Elaine Hammerstein

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Elaine Hammerstein
Elainehammerstein.jpg
Elaine Hammerstein, 1921
Born (1897-06-16)June 16, 1897
Philadelphia, Pennsylvania,
Died August 13, 1948(1948-08-13) (aged 51)
Tijuana, Mexico
Cause of death
car accident
Spouse(s) Alan Crosland
(m.1925–1930; divorced)
James Walter Kays
(m. ?-1948; their deaths)

Elaine Hammerstein (June 16, 1897 - August 13, 1948) was an American silent film and stage actress.

Musical lineage[edit]

She was the daughter of opera producer Arthur Hammerstein and the granddaughter of Oscar Hammerstein. Her father once remarked he was more interested in his daughter's career than in his own. Hammerstein was Arthur's daughter by his first marriage, to Jean Allison Hammerstein. When the couple divorced the mother did not ask for permanent custody of Elaine. Rather she requested that her daughter be allowed to choose for herself when she reached the age of maturity.

Theater[edit]

Hammerstein is frequently reported to have graduated from Bryn Mawr College in 1913, at the age of 17. In fact, there is no record in the College's Archives of her having ever attended the school. In any case, she appeared in her first Broadway production that year. This was a musical entitled High Jinks, which featured actor Snitz Edwards. After school she was given a position in production work by her father. In 1915 she performed on Broadway a second time, in the The Trap. In the drama she acted opposite actor Holbrook Blinn.

Movies[edit]

From this work Hammerstein went into motion pictures. She appeared in forty-four movies from 1915 until 1926. Among her film credits are The Girl From Nowhere (1921), The Drums of Jeopardy (1923), Reckless Youth (1922), Broadway Gold (1923), and The Midnight Express (1924), opposite William Haines. With the latter film, the studio tried to promote Hammerstein and Haines as a couple, however, in real life, Haines was a gay man.

Marriage[edit]

Her first marriage was to actor/director Alan Crosland from 1925 until their 1930 divorce. They both shared the same fate: death in a car accident, his in 1936, hers in 1948.

Hammerstein's second marriage was to James W. Kays until they died together in a car accident. He was a noted Los Angeles insurance broker. Kays was a former finance director of the Democratic Party in southern California and a former city fire commissioner. In the same year, she made her last film appearance in the drama Ladies of Leisure (no relation to the Frank Capra film made in 1930 with Barbara Stanwyck).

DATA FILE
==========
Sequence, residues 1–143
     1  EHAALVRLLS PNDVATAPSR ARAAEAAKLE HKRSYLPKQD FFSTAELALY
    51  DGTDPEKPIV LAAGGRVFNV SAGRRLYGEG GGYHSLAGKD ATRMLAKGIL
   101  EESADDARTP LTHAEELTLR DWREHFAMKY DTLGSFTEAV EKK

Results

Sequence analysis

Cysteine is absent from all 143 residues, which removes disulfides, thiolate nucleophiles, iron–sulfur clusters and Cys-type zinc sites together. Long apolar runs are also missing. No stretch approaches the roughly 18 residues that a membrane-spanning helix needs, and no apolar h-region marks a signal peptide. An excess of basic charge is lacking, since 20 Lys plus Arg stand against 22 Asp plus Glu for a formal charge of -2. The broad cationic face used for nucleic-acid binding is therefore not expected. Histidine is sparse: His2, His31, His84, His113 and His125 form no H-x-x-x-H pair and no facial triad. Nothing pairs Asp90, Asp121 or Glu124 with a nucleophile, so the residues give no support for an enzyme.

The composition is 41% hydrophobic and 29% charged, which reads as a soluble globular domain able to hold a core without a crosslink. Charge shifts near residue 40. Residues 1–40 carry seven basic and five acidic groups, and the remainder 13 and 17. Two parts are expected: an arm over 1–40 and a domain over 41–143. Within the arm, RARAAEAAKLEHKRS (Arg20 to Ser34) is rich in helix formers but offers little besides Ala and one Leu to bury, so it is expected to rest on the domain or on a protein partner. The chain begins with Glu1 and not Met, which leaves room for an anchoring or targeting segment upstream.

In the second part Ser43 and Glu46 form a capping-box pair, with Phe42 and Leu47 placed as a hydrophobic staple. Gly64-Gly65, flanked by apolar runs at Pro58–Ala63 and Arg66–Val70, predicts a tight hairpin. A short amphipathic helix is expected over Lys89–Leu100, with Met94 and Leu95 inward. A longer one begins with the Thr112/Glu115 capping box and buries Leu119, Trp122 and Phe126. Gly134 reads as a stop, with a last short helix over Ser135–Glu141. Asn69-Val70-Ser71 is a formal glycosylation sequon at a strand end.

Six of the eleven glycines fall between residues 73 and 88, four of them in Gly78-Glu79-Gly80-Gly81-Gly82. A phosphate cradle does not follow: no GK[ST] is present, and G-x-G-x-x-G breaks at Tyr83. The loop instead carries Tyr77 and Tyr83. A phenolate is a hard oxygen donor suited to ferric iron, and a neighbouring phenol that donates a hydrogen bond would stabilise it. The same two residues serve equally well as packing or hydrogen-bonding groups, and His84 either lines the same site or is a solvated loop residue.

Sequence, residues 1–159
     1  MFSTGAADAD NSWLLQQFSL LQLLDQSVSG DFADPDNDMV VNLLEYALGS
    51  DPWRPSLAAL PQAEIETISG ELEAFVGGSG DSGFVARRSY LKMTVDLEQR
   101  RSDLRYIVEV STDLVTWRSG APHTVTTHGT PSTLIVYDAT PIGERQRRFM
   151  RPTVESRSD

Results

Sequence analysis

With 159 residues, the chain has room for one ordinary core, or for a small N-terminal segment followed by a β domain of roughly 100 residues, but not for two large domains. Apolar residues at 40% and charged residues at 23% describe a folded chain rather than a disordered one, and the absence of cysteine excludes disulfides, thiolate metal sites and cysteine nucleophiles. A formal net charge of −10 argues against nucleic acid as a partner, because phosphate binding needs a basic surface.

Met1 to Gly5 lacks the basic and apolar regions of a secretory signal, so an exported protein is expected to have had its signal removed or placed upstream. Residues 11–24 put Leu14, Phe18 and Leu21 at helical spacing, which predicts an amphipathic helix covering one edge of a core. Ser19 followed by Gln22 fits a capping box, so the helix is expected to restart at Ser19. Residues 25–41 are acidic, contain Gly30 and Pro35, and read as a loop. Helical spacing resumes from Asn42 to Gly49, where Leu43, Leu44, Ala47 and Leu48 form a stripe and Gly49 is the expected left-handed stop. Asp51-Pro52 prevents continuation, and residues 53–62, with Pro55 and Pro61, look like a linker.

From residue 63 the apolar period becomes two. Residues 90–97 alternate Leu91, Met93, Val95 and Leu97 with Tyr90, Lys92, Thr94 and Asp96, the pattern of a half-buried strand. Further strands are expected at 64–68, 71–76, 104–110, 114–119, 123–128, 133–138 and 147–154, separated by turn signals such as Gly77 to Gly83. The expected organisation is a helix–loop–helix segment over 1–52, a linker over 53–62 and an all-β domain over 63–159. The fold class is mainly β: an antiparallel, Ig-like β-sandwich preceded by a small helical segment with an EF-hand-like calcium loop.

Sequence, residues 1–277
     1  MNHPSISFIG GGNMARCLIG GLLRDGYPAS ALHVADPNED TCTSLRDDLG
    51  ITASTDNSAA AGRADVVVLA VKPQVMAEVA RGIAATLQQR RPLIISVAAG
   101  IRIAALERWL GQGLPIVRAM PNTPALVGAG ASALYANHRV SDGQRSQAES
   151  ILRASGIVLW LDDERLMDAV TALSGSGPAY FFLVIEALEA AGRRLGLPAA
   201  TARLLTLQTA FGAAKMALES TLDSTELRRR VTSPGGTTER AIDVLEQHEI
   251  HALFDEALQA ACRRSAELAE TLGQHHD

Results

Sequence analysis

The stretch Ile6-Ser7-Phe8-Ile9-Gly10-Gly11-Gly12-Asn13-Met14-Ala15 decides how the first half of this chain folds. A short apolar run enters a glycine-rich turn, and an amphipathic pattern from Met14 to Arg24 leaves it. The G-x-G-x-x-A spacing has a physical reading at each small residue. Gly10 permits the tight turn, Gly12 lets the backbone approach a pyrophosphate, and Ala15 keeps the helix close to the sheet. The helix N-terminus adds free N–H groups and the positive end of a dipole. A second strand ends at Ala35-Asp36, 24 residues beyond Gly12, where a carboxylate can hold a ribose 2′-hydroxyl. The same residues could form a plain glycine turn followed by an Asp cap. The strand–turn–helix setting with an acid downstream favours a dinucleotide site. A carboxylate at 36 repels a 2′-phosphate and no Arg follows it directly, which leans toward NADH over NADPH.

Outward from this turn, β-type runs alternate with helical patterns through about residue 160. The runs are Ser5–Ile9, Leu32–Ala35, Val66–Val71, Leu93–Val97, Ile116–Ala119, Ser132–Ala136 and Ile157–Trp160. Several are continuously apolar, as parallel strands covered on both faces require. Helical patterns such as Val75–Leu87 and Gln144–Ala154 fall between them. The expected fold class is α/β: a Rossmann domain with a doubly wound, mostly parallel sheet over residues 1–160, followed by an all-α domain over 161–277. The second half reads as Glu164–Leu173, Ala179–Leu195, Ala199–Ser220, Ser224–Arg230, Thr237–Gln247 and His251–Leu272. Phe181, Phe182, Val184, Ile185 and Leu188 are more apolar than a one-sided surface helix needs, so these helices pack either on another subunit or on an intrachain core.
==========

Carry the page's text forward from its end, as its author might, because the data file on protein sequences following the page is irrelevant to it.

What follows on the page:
Death[edit]

She shared the same fate as her first ex-husband, Alan Crosland who died in a car crash in 1936, at the age of 41: Elaine and her second husband James W. Kays were killed in an automobile collision twelve miles south of the Mexican border town of Tijuana, in August of the year 1948. They were returning from Playas de Rosarito in Baja California. The Kays left Los Angeles a few days before on a trip to Tijuana. The crash claimed three more victims. One was Richard Garvey Jr., son of a pioneer southern California family and a retired real estate operator and lawyer. Garvey was thought by officers to have been driving the car. The auto rounded a curve on a hill near the hamlet of La Goria. It struck a car containing six Mexican citizens. None of the Mexicans were killed.

Elaine Hammerstein was 51 years old and her husband was 66. She was interred at Calvary Cemetery in Los Angeles, California.

Selected filmography[edit]

Fewer than half of Elaine Hammerstein's films remain to be seen in the twenty-first century. This list identifies films that survive, in whole or in part.[1]

  • The Moonstone (World Film Corp., 1915)
  • Beatrice Fairfax (serial, International Film Service, 1916; incomplete)
  • The Co-respondent (Universal Pictures, 1917; fragment)
  • The Accidental Honeymoon (Warwick-Rapf, 1918; Library of Congress)
  • Her Man (Pathé, 1918; UCLA Film & Television Archive)
  • The Pleasure Seekers (Selznick Pictures, 1920; Lost)
  • The Woman Game (Selznick Pictures, 1920)
  • The Way of a Maid (Selznick Pictures, 1921; Library of Congress)
  • One Week of Love (Selznick Pictures, 1922)
  • The Drums of Jeopardy (Truart Pictures, 1923; Library of Congress)
  • One Glorious Night (Columbia Pictures, 1924; Cinémathèque Royale, Bruxelles)
  • S. O. S. Perils of the Sea (Columbia Pictures, 1925; Library of Congress)
  • The Unwritten Law (Columbia Pictures, 1925; Library of Congress)
  • Paint and Powder (Chadwick Pictures,1925; Library of Congress)
  • Parisian Nights (FBO, 1925; fragment)
  • The Checkered Flag (Banner Productions, 1926; incomplete)
  • Ladies of Leisure (1926; Library of Congress)

References[edit]

  • Indianapolis Star, 'I Couldn't Think of Promising to Stay Married!', The Sunday Star Magazine Section, September 10, 1922, page 77
  • The New York Times, 'Auto Crash Kills Pioneer Film Star', August 15, 1948, page 30

External links[edit]